Mum’s farsightedness certainly gave us an advantage with schoolwork, but trying to assimilate outside the classroom was grim. At a time when all I wanted was to blend in with my classmates, our Pakistani ways made me even more conspicuous. You see, we Pakistani girls have a tendency to develop faster in the physical sense, so I was in the unfortunate position of reaching the throws of puberty ahead of everyone else. My face became riddled with such awful acne that my classmates whispered ‘spotted dick’ as I walked into the classroom. I think mum’s way of preserving my sexual innocence was to shelter me from my own maturing form for as long as possible. So, after PE and swimming, while the other girls arrogantly flaunted their training bras in the changing room, I hoped my ill-equipped vest would go unnoticed.
I found solace in the end in popular music, and I immersed myself in the world of Duran Duran and Smash Hits magazine. When I persuaded the editor of the free local weekly to let me write a music column, little did I know that things would take a turn for the worst. My mate and I had swung the deal by telling him that free records and concert tickets for reviews would be ample payment. My classmates didn’t react well though, when the reviews began to appear in the Bradford Star. I quietly locked myself in the bathroom to wash my pencil case in private after someone scrawled ‘Irna knows fuck all about pop music’ all over it. I’d thought, rather naively, that landing a newspaper column would validate my interest in pop music. Mum would be able to see that I genuinely was going to concerts because she’d be able to read my reviews. The truth is that mum didn’t take kindly to her teenage daughter rolling home on the last train from the Leeds University Student’s Union, nor did she care that the Boomtown Rats were brilliant, or that I’d bagged an interview with Kajagoogoo.
Mum must have felt so lost in Bradford. Even though she migrated to Britain in the 1960s, she didn’t belong here. It was initially her husband’s work that brought her here, and then circumstance. She was barely forty when she found herself alone in a strange country, trying to raise three children. Without the strong extended family unit that protected her in Pakistan, she now felt vulnerable. “What will people say?” became the dominant theme. Mum said she understood my interests and intentions, and she could vouch for my good character. The problem was that my late nights were open to misinterpretation by others, and even though these people had no empathy for us, we still had to live by their expectations. My behaviour needed to pre-empt the reaction it might garner from other members of the Pakistani community, and I wasn’t playing my part in guarding the family’s collective reputation. That’s why mum tried to pull me out of a school play because my Muslim character had a boyfriend. It might make people think I also had one in real life, she argued.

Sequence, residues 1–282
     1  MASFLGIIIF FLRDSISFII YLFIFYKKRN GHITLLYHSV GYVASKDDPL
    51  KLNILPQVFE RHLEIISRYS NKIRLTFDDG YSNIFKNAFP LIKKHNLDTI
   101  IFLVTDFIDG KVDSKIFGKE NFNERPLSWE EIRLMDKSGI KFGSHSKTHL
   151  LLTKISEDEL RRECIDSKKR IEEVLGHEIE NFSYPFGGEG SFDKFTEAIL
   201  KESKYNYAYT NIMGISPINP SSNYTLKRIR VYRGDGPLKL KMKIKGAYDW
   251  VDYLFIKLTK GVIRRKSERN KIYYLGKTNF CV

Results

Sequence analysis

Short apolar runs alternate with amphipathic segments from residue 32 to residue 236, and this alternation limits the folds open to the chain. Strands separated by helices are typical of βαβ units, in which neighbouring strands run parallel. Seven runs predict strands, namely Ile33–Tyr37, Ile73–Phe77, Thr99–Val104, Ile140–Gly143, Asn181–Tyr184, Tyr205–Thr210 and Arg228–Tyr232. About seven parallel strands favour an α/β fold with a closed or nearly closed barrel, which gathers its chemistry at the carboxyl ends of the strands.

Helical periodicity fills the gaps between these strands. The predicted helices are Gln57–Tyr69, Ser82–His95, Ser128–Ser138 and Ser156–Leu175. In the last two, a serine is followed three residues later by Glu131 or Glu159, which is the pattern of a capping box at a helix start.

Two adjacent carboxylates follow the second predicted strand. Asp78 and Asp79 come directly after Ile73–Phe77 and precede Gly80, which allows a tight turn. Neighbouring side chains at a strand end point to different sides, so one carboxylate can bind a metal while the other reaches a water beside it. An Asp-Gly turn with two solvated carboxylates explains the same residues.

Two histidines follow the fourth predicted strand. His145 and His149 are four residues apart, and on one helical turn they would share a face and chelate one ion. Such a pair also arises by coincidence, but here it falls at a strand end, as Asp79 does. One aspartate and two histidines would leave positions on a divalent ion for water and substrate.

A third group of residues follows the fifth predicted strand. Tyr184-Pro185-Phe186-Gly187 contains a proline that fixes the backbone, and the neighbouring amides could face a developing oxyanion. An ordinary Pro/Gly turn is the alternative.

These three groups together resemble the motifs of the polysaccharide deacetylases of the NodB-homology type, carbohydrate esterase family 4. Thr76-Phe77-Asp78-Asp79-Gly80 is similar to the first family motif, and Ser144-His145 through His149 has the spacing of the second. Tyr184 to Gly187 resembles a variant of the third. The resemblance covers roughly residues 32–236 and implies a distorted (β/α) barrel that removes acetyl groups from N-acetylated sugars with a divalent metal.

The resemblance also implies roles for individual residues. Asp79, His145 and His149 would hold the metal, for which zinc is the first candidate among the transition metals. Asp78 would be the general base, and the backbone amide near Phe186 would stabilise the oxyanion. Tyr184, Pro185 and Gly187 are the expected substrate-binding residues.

Part of mum’s survival strategy was to romanticise about Pakistan, her motherland. That’s where her inspiration came from. That’s where her nearest and dearest were. She still remembered the scent of the soil. Our finances made it impossible, yet mum planned an interim trip back home with a suitcase filled with nothing but anticipation, gathering dust under her bed. If mum could just get through the next thirty years of employment in Bradford and raise her children, then she could look forward to retiring to Pakistan with a handsome pension, awarded in pounds sterling, to be spent in rupees at a substantially profitable exchange rate.